This weekend, we decided to catch Voyage De La Vie at Resorts World Sentosa (RWS). Before the show, we thought “Hey, why dont we have dinner at Malaysian Food Street?” as there were still some food we had not yet tried.
So Kate and I avoided the dinner crowd and ate at about 5pm at the Malaysian Food Street @ RWS. This time, we had makan that were different from the first time @ Malaysian Food Street. We tried the Penang Lim Brothers Char Koay Teow as well as the Huen Kee Claypot Chicken Rice! So, let’s find out the verdict!
Penang Lim Brothers Char Koay Teow
It was with much anticipation that we tried the Penang Bros Char Koay Teow. This was one of the foods that we very much wanted to try the last time round. As we were early this time, the queue was relatively short. However, here’s the unhappy part…
We decided to try the $4 version to test the skill of the chef (and of course the fact that we wanted to save $1 on eggs – $5 a plate for char koay teow with eggs). The first unhappy part was that the cashier told us that the $4 version would be much oilier, trying to deter us and buy the more expensive version. Not to be deterred or waivered, we continued with our choice of the $4 char koay teow. So we got our queue number of 133.
The next unhappy thing was, the number went from 130, 131, 132 and you thought, “YAY! My turn!”… 134, 135, 136, 137, 138 THEN when there was NOBODY ELSE IN THE QUEUE, our number flashed across the digital display – 133. Well, the thing was because we chose a plate without eggs, so they chose to cook those with eggs first before tending to us!
What’s worst was that an uncle who wanted to buy the $4 (he came after us) was given the same oily reasoning and he changed to $5 AND STILL GOT HIS CKT EARLIER THAN US!
After finally getting our Char Koay Teow, we noticed that the portion was actually quite small…
The CKT was indeed very oily (have you noticed the oil?!) but that was expected. There was however, wok hei in this version of char koay teow. Well, taking into consideration the entire experience from queuing till eating , this plate of CKT is considered average.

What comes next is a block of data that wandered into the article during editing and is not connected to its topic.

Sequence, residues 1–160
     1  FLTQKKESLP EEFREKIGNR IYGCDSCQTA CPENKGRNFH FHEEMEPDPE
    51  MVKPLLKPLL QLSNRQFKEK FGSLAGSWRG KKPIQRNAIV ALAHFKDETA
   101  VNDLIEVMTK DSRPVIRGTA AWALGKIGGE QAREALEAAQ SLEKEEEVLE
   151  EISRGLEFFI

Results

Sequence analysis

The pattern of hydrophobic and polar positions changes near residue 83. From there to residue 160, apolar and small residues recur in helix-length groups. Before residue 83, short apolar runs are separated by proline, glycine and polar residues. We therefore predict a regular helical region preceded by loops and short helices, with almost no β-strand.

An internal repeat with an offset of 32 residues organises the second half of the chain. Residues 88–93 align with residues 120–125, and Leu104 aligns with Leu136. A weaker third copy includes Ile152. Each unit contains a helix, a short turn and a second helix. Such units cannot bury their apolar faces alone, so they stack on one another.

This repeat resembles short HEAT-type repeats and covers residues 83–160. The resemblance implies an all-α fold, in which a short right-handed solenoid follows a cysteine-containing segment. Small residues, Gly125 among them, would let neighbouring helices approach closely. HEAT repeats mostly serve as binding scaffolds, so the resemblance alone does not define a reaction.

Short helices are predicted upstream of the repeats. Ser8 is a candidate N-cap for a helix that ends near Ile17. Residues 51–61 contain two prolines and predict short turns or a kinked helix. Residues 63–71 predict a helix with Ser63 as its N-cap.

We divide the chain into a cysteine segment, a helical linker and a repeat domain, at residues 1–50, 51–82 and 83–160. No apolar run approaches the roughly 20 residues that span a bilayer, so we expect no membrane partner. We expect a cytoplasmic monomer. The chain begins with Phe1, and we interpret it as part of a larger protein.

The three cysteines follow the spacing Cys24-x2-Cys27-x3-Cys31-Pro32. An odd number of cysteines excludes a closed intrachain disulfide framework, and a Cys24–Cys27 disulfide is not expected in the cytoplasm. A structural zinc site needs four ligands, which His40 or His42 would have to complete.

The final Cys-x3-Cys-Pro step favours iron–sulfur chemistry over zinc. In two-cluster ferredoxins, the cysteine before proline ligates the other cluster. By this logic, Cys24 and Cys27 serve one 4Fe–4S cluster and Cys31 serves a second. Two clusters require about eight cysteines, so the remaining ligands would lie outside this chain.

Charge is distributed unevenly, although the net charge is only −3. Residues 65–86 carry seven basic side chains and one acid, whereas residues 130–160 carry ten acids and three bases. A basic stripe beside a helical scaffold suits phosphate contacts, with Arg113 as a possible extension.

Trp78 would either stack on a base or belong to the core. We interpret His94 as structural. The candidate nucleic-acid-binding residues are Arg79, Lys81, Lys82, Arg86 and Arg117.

Next, we tried the
Huen Kee Claypot Chicken Rice
As mentioned in our previous post, the fragrance of the claypot chicken rice was so enticing as you walk past its store. We really think that the claypot as well as the traditional cooking method of the charcoal stove, enhanced the taste of the claypot chicken rice.
The small version which we ate costs $9 (with salted fish , $8 without salted fish) and the large costs $12 and $15 (with salted fish) respectively.
We did not regret the decision of adding the salted fish. The saltiness of the fish blended well with the charcoal cooked rice. *Please remember to mix the salted fish well into the claypot rice before consumption!
It was also very fragrant (as advertised by its smell as we walked past) and the rice was of high quality where each grain was well separated. The chicken was tender and gave off fragrance of the soy sauce. The only misgiving was that the rice at the bottom could have been more burnt so that you can have some crunchiness while eating the claypot rice. But well, for health’s sake, burnt rice is not that good right?
So the verdict for this trip to the Malaysian Food Street @ Resorts World Sentosa RWS is
– Give the CKT a miss
– Try the Claypot Chicken Rice
P.S. Try to avoid the peak hours as well. We realised that they now control/limit the number of people allowed into the food street. So you’ll have to queue just to enter during peak hours.
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